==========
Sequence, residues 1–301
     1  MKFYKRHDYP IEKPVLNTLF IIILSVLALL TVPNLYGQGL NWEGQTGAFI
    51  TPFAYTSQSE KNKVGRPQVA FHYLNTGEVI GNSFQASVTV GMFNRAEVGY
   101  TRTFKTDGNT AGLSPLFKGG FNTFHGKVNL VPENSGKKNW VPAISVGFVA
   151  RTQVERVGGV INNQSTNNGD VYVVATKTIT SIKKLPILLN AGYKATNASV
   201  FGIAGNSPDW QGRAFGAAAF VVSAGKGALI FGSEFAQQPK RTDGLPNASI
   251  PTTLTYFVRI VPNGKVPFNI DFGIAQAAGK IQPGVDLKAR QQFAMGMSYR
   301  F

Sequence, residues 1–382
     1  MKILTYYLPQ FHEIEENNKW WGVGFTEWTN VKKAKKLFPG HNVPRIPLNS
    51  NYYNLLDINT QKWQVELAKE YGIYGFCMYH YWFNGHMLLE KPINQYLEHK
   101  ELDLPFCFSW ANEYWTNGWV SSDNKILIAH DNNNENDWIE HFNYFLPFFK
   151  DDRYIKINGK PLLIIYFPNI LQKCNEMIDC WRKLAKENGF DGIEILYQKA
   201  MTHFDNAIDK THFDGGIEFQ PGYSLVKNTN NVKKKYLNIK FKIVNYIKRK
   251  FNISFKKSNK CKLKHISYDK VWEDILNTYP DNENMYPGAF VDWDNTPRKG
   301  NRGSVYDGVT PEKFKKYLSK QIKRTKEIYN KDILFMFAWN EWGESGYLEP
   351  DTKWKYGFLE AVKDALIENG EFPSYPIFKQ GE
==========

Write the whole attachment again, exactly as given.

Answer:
Sequence, residues 1–301
     1  MKFYKRHDYP IEKPVLNTLF IIILSVLALL TVPNLYGQGL NWEGQTGAFI
    51  TPFAYTSQSE KNKVGRPQVA FHYLNTGEVI GNSFQASVTV GMFNRAEVGY
   101  TRTFKTDGNT AGLSPLFKGG FNTFHGKVNL VPENSGKKNW VPAISVGFVA
   151  RTQVERVGGV INNQSTNNGD VYVVATKTIT SIKKLPILLN AGYKATNASV
   201  FGIAGNSPDW QGRAFGAAAF VVSAGKGALI FGSEFAQQPK RTDGLPNASI
   251  PTTLTYFVRI VPNGKVPFNI DFGIAQAAGK IQPGVDLKAR QQFAMGMSYR
   301  F

Sequence, residues 1–382
     1  MKILTYYLPQ FHEIEENNKW WGVGFTEWTN VKKAKKLFPG HNVPRIPLNS
    51  NYYNLLDINT QKWQVELAKE YGIYGFCMYH YWFNGHMLLE KPINQYLEHK
   101  ELDLPFCFSW ANEYWTNGWV SSDNKILIAH DNNNENDWIE HFNYFLPFFK
   151  DDRYIKINGK PLLIIYFPNI LQKCNEMIDC WRKLAKENGF DGIEILYQKA
   201  MTHFDNAIDK THFDGGIEFQ PGYSLVKNTN NVKKKYLNIK FKIVNYIKRK
   251  FNISFKKSNK CKLKHISYDK VWEDILNTYP DNENMYPGAF VDWDNTPRKG
   301  NRGSVYDGVT PEKFKKYLSK QIKRTKEIYN KDILFMFAWN EWGESGYLEP
   351  DTKWKYGFLE AVKDALIENG EFPSYPIFKQ GE